Taking Stock of the Red Sox

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Taking Stock of the Red Sox
(Photo by Stephen Dunn/Getty Images)

Fifty-seven games into the 2009 season, the Red Sox are 33-24, identical to the record they posted one year ago through the same number of games.

The Sox are just over a third of the way through their 162 game grind, and they find themselves a game out of first place with the best home record in the AL (18-8).

Going into the season, the Sox were projected to have one of the finest, if not the best, rotations in baseball. So far, they've been pretty good, with some noticeable hiccups. The Sox are tied for fourth in the AL with a 4.27 team ERA, thanks to a bullpen which is simply the best in baseball.

But that obscures the fact that the Sox starting five have been anything but stellar. In fact, they've been entirely lackluster. Josh Beckett (4.09), Tim Wakefield (4.50), Jon Lester (5.09), Brad Penny (5.85) and Daisuke Matsuzaka (7.33) have a combined ERA of 5.37.

Matsuzaka looks lost, surrendering 44 hits and 13 walks in just 27 innings, and has already lost more games than he did all last season.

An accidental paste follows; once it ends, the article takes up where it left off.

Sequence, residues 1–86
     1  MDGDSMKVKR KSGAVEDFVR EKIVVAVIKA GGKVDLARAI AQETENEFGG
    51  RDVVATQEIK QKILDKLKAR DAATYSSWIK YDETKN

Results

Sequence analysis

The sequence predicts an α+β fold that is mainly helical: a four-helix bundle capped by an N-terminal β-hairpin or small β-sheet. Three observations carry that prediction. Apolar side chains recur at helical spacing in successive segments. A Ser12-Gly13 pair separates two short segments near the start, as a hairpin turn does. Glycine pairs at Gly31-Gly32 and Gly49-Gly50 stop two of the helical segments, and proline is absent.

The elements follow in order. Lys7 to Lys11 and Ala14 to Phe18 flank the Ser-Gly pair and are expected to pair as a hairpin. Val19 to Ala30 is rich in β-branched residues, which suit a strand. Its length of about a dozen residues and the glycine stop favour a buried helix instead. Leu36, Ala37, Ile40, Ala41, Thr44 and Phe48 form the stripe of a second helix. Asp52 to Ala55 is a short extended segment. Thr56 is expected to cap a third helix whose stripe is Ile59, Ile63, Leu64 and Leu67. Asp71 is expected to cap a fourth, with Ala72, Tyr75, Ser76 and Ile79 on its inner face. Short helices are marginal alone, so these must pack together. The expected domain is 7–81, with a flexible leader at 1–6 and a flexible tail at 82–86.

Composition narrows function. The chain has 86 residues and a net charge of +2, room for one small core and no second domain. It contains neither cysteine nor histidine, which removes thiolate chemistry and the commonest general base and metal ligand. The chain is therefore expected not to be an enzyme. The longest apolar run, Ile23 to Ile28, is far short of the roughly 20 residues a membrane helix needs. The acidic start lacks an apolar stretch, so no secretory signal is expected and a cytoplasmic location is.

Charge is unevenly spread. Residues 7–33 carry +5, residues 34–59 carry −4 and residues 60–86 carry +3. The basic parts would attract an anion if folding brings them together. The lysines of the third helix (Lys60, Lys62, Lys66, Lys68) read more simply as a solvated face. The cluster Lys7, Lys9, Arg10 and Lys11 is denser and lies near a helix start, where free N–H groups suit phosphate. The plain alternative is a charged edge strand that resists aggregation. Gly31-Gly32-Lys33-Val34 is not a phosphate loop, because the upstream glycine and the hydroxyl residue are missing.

Penny, though 5-2, has an ERA approaching six and is winning despite himself, owing his success to offensive support.

All of this provides some reason for concern, though the venerable John Smoltz and Clay Buchholz (4-0, 1.73 ERA at Pawtucket) lie in waiting.

Yet, there is additional reason for reassurance. Namely that after slow starts Beckett and Lester have been coming on as of late.

Josh Beckett Since May 5:

6 starts
4-0 record
2.40 ERA
14 walks
37 strike outs
6 quality starts
5-1 team record

And Lester, though 5-5, is coming off two absolutely dominating performances in which he threw a combined 15 innings, allowing just two runs on five hits. Oh, and then there were the whopping 23 K's. Lester leads the team with 85 strikeouts (in just 74.1 innings) and is on pace to break 200 this year.

And then there's the Red Sox bullpen, which has been lights out this season with a 2.76 ERA, the best in all of baseball. And it's been particularly good over the past month:

Since May 10
23 games
61.2 innings
1.91 ERA
12 home runs (T-Fewest in AL)

Over that period, Hideki Okajima rode a streak of 16.1 scoreless innings, the longest on the Sox this season. Oki has rediscovered the form that made him so successful two years ago. He's deceptive and able to keep hitters off balance. He doesn't throw hard, but he gets hitters out.